Abstract: The Effects of Child Poverty Reductions on Child Maltreatment and Placement into out-of-Home Care (Society for Social Work and Research 25th Annual Conference - Social Work Science for Social Change)

All live presentations are in Eastern time zone.

The Effects of Child Poverty Reductions on Child Maltreatment and Placement into out-of-Home Care

Wednesday, January 20, 2021
* noted as presenting author
Jessica Pac, PhD, Assistant Professor, University of Wisconsin-Madison, WI
Sophie Collyer, MS, Research Analyst, Columbia University, NY
Christopher Wimer, PhD, Senior Research Scientist, Columbia University, New York, NY
Lawrence Berger, PhD, Professor, University of Wisconsin-Madison, Madison, WI
Jane Waldfogel, PhD, Compton Foundation Centennial Professor, Columbia University, New York, NY
Peter Pecora, PhD
Whitney Rostad, Senior Research Associate, Casey Family Programs
Elizabeth Parker, Senior Research Associate, Casey Family Programs
Kirk O’Brien, PhD
Background/Purpose: Children living in poverty face a considerably higher risk of maltreatment and placement into out-of-home care than their higher-income peers. A growing body of empirical evidence supports the notion that increasing household income may reduce or prevent child maltreatment and out-of-home placement by ameliorating these risk factors. Indeed, recent studies indicate that the link between family income and child maltreatment is likely to be causal in nature. The National Academy of Sciences (NAS) recently released a “roadmap” to reducing child poverty by up to half through the implementation of a series of social policy packages. Given the link between poverty and child maltreatment, these packages also have the potential to plausibly move the needle on child safety.

We use micro-simulation methods to estimate the reductions in child maltreatment and foster care placements that are likely to result from implementation (and associated poverty reduction) of three of the NAS-recommended child poverty reduction packages: work-based and universal supports (child allowance; child care and EITC expansions), means-tested supports and work (child care, EITC, housing voucher, and SNAP expansions), and universal supports and work (child allowance; child care, EITC, and minimum wage expansions; increased program eligibility for legal immigrants). Simulations in the NAS report suggest that these packages will reduce child poverty by 36%, 51%, and 52%, respectively.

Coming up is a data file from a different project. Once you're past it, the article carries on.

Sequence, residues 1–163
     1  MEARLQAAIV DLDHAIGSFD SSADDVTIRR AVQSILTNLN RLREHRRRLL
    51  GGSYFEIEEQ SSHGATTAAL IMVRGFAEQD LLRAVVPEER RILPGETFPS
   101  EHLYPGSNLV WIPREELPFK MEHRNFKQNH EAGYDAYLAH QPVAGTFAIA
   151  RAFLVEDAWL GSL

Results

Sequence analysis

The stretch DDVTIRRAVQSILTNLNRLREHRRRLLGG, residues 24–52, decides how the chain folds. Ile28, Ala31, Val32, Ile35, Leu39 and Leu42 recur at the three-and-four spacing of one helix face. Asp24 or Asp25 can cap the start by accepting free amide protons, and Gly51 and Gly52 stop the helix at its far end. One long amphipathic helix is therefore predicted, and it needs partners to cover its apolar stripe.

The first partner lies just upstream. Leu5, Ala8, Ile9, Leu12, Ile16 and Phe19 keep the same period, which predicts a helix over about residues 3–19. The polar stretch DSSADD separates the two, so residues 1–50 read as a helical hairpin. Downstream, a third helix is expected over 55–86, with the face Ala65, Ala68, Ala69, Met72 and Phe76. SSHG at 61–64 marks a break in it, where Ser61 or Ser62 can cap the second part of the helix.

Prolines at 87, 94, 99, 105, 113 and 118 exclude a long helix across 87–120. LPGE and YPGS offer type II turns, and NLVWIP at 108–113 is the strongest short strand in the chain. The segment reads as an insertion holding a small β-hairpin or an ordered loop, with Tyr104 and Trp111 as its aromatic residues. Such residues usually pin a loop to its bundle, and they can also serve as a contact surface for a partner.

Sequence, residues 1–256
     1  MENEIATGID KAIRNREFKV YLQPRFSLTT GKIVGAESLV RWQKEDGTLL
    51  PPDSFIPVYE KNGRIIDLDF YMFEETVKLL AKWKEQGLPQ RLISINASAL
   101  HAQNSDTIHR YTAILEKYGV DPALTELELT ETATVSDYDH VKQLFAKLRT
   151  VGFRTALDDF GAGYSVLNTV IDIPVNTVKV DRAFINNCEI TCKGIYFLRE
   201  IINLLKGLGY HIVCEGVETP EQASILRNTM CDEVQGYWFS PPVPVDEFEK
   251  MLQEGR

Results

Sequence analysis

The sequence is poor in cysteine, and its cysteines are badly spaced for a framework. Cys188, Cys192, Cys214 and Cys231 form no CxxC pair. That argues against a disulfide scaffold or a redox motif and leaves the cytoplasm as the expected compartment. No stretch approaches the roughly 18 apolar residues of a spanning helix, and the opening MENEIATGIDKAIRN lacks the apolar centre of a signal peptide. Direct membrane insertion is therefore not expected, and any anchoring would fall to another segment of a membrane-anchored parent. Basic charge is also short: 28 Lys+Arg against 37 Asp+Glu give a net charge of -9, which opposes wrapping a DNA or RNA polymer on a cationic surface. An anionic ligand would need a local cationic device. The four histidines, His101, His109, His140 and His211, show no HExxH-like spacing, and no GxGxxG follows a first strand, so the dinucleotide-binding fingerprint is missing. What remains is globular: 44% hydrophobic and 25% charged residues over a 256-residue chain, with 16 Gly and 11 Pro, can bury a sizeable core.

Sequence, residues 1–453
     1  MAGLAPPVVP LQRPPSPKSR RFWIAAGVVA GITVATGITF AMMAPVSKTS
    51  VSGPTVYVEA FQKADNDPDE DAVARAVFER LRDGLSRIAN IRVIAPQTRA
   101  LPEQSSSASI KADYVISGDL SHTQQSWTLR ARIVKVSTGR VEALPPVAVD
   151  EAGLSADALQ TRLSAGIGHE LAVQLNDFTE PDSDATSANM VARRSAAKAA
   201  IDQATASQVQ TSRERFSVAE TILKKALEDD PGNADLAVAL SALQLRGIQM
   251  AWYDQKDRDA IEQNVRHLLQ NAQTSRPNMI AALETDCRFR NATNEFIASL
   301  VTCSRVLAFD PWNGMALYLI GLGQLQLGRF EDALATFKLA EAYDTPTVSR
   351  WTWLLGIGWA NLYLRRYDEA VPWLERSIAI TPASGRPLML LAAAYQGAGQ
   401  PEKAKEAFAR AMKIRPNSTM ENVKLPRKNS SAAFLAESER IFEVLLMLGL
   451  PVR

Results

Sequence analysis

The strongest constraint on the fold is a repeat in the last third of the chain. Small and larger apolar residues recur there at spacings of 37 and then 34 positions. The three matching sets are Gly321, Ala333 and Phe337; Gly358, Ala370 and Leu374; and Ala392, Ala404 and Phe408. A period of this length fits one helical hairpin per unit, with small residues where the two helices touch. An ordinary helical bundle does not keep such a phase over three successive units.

Methods: Our analyses use population data from the 2013-17 Current Population Survey (CPS-ASEC) and child maltreatment administrative data from the National Child Abuse and Neglect Data System (NCANDS) over the same period. We first use NCANDS to compute state level probabilities of children’s likelihood of experiencing child maltreatment (measured as Child Protective Services reports, screened-in reports, substantiations, and foster care placement) by child race/ethnicity, age, gender, and year, and assign these probabilities to children in the CPS-ASEC. We then simulate in the CPS-ASEC the household-level effect on income of each of the NAS-proposed policy packages, following the NAS simulation methodology. Finally, we used bounded estimates of the causal effect of income on child maltreatment from the most rigorous studies to date to simulate the reduction in maltreatment that should occur based on the simulated change in household income under each policy package.

Results: Preliminary results suggest considerable decreases in child maltreatment and foster care placement as a result of child poverty reduction, with the largest gains realized for the more generous income-transfer policy packages.

Conclusions and Implications: Our findings provide new information on how income support policies can reduce child maltreatment. They inform policymakers of a key ancillary gain of reducing child poverty that should not be ignored in cost-benefit calculations for anti-poverty policy implementation decision-making processes.